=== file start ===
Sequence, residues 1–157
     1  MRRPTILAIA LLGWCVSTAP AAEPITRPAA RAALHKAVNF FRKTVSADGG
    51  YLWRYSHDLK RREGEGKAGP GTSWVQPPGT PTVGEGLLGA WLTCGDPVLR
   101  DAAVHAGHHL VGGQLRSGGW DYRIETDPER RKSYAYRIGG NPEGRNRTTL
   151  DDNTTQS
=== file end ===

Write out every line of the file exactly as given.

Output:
Sequence, residues 1–157
     1  MRRPTILAIA LLGWCVSTAP AAEPITRPAA RAALHKAVNF FRKTVSADGG
    51  YLWRYSHDLK RREGEGKAGP GTSWVQPPGT PTVGEGLLGA WLTCGDPVLR
   101  DAAVHAGHHL VGGQLRSGGW DYRIETDPER RKSYAYRIGG NPEGRNRTTL
   151  DDNTTQS